"Evidence-based" means that an approach has proven effective in rigorous clinical trials, as published in peer-reviewed professional journals.
Scientific studies by the National Reading Panel identified several common content areas in effective reading programs: phonemic awareness (ability to recognize and manipulate sounds in words), phonics (ability to associate sounds with written symbols), fluency (quick, accurate and expressive reading/writing), vocabulary, and comprehension. In addition, effective methods of instruction are explicit, systematic, cumulative, multimodal and responsive. Finally, successful outcomes for dyslexic learners are highly dependent on early intervention, intense instruction, highly qualified instructors and sufficiently long duration.
Here are common terms that refer to effective intervention approaches:
Structured Literacy: an umbrella term used by the International Dyslexia Association (IDA) to describe programs that adhere to the content and methods outlined above
Orton-Gillingham approach (OG): an approach that follows the sequential, multi-sensory techniques developed by Dr. Orton, Anna Gillingham and colleagues. OG instructors complete rigorous training to become certified. Most methods or programs for dyslexia are derived from OG principles.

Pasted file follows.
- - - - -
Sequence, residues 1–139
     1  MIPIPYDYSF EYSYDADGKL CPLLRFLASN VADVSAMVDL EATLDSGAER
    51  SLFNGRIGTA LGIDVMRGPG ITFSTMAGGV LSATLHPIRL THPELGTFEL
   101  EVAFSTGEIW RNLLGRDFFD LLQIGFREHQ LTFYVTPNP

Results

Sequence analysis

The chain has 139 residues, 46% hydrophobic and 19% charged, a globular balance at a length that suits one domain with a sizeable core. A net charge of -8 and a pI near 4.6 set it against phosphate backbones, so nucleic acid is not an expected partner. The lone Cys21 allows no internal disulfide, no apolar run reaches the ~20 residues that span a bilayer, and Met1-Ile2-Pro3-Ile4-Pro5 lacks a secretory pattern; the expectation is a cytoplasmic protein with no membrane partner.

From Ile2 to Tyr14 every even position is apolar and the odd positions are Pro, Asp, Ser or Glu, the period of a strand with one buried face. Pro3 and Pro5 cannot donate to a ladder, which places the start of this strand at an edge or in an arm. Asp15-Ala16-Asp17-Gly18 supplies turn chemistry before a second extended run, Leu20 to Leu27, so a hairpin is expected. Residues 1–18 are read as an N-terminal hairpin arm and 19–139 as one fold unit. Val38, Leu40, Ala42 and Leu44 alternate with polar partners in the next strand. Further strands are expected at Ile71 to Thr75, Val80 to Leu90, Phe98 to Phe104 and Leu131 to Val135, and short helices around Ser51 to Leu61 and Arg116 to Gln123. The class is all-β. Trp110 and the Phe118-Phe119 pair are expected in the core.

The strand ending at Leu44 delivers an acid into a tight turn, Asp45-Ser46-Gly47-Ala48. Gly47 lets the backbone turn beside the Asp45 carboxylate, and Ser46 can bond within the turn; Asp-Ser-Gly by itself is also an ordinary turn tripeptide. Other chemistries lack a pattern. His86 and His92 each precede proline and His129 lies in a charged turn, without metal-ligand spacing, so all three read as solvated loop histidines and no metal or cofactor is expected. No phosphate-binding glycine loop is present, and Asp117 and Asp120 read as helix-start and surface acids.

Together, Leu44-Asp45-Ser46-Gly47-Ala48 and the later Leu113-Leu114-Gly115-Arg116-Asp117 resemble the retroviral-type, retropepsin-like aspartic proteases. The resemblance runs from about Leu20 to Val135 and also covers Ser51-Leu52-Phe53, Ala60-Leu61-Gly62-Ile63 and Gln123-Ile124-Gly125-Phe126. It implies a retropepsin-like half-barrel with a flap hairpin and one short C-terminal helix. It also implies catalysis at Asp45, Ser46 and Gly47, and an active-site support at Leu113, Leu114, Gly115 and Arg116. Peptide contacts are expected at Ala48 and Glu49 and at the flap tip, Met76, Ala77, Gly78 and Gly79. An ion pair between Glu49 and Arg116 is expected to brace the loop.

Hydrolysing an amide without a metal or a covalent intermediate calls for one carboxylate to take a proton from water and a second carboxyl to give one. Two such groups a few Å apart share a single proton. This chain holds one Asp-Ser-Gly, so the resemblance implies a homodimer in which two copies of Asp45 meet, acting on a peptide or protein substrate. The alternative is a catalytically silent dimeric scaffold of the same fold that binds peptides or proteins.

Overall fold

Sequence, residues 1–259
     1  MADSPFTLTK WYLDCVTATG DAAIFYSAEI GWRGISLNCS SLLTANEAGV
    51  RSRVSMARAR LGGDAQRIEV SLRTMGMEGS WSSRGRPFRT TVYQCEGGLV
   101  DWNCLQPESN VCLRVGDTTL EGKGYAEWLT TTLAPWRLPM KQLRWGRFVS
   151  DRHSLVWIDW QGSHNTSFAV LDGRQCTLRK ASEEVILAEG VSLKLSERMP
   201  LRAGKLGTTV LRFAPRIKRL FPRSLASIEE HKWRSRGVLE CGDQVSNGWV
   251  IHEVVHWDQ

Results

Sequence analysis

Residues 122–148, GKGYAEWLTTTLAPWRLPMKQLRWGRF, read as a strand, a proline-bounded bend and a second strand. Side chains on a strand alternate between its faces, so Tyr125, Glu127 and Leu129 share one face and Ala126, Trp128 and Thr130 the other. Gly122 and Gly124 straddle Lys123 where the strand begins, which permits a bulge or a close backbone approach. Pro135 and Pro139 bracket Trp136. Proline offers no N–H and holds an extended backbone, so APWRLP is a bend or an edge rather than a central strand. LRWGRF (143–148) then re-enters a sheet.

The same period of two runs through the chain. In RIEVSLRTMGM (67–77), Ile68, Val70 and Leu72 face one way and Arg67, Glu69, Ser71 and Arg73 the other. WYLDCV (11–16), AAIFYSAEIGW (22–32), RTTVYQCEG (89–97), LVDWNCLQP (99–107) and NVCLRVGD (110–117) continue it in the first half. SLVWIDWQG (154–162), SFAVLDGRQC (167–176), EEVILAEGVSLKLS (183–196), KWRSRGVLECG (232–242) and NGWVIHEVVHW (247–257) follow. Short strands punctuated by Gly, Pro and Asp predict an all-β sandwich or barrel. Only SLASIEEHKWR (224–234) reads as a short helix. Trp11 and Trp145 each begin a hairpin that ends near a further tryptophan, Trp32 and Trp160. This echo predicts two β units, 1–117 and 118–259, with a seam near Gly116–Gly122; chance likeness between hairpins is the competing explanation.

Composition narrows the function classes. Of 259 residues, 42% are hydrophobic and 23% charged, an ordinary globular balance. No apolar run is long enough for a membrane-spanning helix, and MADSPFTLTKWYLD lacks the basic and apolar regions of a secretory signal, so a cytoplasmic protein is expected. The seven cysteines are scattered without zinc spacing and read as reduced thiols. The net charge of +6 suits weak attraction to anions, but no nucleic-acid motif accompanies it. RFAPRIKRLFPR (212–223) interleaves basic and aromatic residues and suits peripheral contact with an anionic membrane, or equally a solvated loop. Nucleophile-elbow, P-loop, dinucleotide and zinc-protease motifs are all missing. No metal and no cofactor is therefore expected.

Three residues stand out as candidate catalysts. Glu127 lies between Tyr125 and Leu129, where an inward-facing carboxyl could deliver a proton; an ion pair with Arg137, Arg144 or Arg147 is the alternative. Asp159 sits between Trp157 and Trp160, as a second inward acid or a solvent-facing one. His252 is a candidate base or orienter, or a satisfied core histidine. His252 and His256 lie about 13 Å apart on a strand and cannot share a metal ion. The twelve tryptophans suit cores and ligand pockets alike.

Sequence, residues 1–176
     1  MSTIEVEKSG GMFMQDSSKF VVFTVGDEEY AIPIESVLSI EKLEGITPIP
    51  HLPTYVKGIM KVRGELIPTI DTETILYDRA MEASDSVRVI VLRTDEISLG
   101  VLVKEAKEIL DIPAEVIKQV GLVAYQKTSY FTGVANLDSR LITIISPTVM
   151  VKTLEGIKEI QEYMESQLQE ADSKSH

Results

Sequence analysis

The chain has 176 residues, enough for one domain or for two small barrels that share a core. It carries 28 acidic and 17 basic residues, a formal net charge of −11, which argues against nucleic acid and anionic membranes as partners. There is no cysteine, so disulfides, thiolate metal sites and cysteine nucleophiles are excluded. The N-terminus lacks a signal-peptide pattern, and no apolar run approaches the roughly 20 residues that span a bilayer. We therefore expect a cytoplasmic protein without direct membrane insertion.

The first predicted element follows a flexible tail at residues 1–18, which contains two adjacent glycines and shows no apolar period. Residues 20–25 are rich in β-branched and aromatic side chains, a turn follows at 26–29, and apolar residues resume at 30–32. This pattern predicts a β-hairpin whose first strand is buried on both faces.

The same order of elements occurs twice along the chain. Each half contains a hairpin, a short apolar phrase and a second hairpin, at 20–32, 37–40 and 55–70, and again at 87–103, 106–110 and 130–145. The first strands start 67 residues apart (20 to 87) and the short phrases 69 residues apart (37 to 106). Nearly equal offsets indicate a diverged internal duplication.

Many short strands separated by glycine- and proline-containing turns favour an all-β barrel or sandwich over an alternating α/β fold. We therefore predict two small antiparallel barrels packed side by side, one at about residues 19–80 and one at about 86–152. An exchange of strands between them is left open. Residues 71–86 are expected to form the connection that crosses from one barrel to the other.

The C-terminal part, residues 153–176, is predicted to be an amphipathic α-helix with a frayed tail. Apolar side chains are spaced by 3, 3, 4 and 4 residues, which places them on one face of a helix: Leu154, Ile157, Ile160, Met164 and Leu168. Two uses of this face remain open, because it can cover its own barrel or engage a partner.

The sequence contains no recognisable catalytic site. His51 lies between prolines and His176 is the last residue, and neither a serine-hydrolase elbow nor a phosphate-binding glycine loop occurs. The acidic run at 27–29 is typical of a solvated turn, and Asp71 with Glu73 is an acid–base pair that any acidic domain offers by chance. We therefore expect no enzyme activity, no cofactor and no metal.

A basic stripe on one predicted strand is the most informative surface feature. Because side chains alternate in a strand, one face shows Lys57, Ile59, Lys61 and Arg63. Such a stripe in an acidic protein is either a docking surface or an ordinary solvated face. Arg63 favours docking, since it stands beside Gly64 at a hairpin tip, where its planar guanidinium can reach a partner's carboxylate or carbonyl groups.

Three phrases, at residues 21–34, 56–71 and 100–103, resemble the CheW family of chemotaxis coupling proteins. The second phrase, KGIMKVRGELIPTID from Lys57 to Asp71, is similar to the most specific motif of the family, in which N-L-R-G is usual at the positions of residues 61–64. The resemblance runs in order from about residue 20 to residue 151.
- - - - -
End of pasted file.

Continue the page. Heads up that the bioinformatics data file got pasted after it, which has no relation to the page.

Multisensory/multimodal instruction: instruction that incorporates visual, auditory and kinesthetic-tactile input to strengthen neural pathways connecting speech to print
Slingerland: a classroom adaptation of the OG approach, which certifies teachers after rigorous training and demonstration of mastery
PDF article by literacy expert Louisa Moats explaining principles and components of structured literacy
Link to OG website page explaining the approach and its origins
Classroom-adapted literacy approach based on Orton-Gillingham principles of multi-sensory learning (used at North Bridge Academy). Site includes basic information about this approach, as well as a list of Slingerland-certified tutors.